The phrase ‘Occam’s Razor’ is now generally used as shorthand to represent the fundamental scientific assumption of simplicity. To explain any given set of observations of the natural world, scientific method proceeds by erecting, first, the simplest possible explanation (hypothesis) that can explain the known facts. This simple explanation, termed the null hypothesis, then becomes the assumed interpretation until additional facts emerge that require modification of the initial hypothesis, or perhaps even invalidate it altogether.

Given the great natural variability exhibited by climate records, and the failure to date to compartmentalize or identify a human signal within them, the proper null hypothesis – because it is the simplest consistent with the known facts – is that global climate changes are presumed to be natural, unless and until specific evidence is forthcoming for human causation.

It is one of the more extraordinary facts about the IPCC that the research studies it favours mostly proceed using an (unjustified) inversion of the null hypothesis – namely that global climate changes are presumed to be due to human-related carbon dioxide emissions, unless and until specific evidence indicates otherwise.

So, what are the tests to which we can subject the anthropogenic global warming theory to determine whether it has more explanatory power than the null hypothesis?

The DAGW hypothesis that I want to test here is precisely and only “that dangerous global warming is being caused, or will be, by human-related carbon dioxide emissions”. To be “dangerous”, at a minimum the change must exceed the magnitude or rate of warmings that are known to be associated with normal weather and climatic variability.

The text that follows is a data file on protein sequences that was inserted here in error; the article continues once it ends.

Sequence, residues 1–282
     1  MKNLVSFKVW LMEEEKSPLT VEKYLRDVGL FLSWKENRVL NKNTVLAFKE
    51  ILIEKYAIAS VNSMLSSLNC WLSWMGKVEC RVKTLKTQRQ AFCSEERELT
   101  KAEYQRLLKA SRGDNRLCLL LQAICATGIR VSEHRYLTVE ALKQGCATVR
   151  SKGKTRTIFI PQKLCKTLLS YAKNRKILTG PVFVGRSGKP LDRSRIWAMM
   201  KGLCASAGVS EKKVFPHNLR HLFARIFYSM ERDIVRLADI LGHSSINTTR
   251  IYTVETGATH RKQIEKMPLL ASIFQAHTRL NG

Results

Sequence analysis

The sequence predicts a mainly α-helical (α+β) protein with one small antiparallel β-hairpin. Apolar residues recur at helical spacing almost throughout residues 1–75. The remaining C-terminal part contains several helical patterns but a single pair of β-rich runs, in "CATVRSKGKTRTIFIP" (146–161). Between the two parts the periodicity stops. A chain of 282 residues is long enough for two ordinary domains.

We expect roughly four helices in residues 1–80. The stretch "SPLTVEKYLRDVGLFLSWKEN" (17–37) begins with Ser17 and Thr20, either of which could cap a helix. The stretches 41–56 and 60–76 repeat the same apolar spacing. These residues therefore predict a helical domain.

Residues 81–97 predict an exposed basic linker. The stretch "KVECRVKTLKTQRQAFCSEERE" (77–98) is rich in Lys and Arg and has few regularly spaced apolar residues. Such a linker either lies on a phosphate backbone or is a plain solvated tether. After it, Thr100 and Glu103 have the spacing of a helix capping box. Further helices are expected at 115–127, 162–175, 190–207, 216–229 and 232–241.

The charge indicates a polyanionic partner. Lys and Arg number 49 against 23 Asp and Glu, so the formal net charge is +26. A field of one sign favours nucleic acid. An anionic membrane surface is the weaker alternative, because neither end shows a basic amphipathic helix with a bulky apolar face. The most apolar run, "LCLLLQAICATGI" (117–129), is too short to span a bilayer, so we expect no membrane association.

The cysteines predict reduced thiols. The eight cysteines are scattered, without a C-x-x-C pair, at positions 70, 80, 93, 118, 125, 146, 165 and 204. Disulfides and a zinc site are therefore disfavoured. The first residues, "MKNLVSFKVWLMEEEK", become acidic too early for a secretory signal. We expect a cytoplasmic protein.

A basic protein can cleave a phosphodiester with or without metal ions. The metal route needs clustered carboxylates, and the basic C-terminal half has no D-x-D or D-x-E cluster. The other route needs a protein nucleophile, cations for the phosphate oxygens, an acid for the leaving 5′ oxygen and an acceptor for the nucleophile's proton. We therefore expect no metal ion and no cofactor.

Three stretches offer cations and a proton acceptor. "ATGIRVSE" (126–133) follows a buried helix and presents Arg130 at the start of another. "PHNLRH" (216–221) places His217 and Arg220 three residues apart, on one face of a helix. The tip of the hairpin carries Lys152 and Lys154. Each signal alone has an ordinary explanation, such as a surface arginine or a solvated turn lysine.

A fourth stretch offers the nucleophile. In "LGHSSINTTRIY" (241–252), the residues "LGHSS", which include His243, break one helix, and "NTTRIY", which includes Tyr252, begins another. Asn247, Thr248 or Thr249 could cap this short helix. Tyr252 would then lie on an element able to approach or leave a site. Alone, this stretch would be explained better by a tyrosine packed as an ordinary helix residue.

What evidence can we use to test the DAGW hypothesis?

Many different lines of evidence can be used to test the DAGW hypothesis. Here I have space to present just five, all of which are based upon real world empirical data. For more information, please read both Dr. Hayhoe’s and my book.

Consider the following tests:

(i) Over the last 16 years, global average temperature, as measured by both thermometers and satellite sensors, has displayed no statistically significant warming; over the same period, atmospheric carbon dioxide has increased by 10%.

Large increases in carbon dioxide have therefore not only failed to produce dangerous warming, but failed to produce any warming at all. Hypothesis fails.

(ii) During the 20th century, a global warming of between 0.4O C and 0.7O C occurred, at a maximum rate, in the early decades of the century, of about 1.7O C/century. In comparison, our best regional climate records show that over the last 10,000 years natural climate cycling has resulted in temperature highs up to at least 1O C warmer than today, at rates of warming up to 2.5O C/century.

In other words, both the rate and magnitude of 20th century warming falls well within the envelope of natural climate change. Hypothesis fails, twice.